Cherokee Nation Asks Jeep to Change Cherokee, Grand Cherokee Names
Earlier this week, Car and Driver spoke with the principal chief of the Cherokee Nation, Chuck Hoskin, Jr., about the names of the Jeep Cherokee and Grand Cherokee SUVs. While the Cherokee Nation has long been opposed to cultural appropriation and naming concerns (note the Cherokee Nation spokesperson’s comments at the Cherokee’s 2013 reintroduction), the statement provided to Car and Driver is the first time the Nation has called directly on Jeep to change the name of its SUVs.
In the statement, Hoskin said, “I’m sure this comes from a place that is well-intended, but it does not honor us by having our name plastered on the side of a car. The best way to honor us is to learn about our sovereign government, our role in this country, our history, culture, and language and have meaningful dialogue with federally recognized tribes on cultural appropriateness … I think we’re in a day and age in this country where it’s time for both corporations and team sports to retire the use of Native American names, images and mascots from their products, team jerseys and sports in general.” We have reached out to the Cherokee Nation for possible further comment.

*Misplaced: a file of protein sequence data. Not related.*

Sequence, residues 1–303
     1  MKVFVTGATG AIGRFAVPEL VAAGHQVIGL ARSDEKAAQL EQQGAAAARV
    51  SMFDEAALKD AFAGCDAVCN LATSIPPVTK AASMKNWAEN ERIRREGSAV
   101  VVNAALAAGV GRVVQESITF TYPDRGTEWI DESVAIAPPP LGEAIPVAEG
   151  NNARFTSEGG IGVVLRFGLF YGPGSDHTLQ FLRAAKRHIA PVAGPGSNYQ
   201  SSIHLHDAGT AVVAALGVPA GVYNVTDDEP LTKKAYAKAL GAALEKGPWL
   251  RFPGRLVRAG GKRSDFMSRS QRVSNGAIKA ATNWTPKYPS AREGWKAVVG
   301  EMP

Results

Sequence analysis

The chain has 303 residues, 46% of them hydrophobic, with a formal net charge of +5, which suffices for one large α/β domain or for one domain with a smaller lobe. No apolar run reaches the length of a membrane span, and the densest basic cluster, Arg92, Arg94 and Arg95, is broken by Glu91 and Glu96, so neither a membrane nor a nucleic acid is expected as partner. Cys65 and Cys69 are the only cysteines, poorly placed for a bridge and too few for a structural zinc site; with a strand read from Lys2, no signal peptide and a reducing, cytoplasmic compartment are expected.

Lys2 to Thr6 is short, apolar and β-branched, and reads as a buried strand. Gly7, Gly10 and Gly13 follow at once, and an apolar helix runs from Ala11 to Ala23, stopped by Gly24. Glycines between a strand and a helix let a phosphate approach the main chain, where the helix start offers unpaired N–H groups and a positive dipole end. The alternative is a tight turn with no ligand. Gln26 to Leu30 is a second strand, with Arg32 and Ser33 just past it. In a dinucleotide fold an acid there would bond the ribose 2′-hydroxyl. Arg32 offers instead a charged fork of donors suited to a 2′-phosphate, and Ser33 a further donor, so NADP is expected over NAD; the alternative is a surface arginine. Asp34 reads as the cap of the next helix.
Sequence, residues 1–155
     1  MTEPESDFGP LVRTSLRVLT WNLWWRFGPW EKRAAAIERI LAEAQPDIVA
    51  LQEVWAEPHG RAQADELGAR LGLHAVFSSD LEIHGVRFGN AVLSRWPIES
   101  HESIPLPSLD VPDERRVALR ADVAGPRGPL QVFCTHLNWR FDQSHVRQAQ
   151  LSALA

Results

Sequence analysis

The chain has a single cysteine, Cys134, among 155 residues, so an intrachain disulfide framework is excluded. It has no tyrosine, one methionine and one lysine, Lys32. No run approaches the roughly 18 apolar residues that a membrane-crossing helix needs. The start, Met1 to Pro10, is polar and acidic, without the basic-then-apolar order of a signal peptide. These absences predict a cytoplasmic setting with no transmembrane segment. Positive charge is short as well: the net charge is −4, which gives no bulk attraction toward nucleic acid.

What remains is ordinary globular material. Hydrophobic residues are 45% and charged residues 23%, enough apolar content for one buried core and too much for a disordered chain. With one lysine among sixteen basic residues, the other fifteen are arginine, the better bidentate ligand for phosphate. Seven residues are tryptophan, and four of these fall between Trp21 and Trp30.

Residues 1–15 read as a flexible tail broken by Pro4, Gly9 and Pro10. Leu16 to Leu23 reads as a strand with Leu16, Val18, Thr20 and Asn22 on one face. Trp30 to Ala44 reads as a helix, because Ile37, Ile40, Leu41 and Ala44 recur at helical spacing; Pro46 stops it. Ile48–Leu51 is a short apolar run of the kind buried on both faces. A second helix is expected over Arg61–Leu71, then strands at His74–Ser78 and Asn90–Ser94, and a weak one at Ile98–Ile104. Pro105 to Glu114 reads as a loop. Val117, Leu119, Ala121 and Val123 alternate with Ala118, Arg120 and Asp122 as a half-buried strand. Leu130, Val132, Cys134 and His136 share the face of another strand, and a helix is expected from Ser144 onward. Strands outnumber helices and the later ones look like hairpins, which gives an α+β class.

The move comes following a number of naming controversies (and renaming decisions) in recent years, notably Washington, D.C. ‘s NFL club (which spent the 2020 season known solely as the Washington Football Team) and Cleveland’s Major League Baseball club, both of which have retired their offensive names and mascots.
Automobiles named after indigenous groups are nothing new. Jeep itself used to sell vehicles named after the Comanche tribe, and the Nissan Qashqai and Volkswagen Touareg are still on sale abroad.
A Jeep brand spokesperson provided the following to MotorTrend in response to the Cherokee Nation’s statement: “Our vehicle names have been carefully chosen and nurtured over the years to honor and celebrate Native American people for their nobility, prowess and pride. We are, more than ever, committed to a respectful and open dialogue with Cherokee Nation Principal Chief Chuck Hoskin, Jr. “
At this time, there is no report such dialogue has commenced or will in the near future, nor does the statement indicate Jeep is open to changing the name of the vehicles in question. The company recently introduced the 2021 Grand Cherokee L, the next-generation long-wheelbase version of the SUV.
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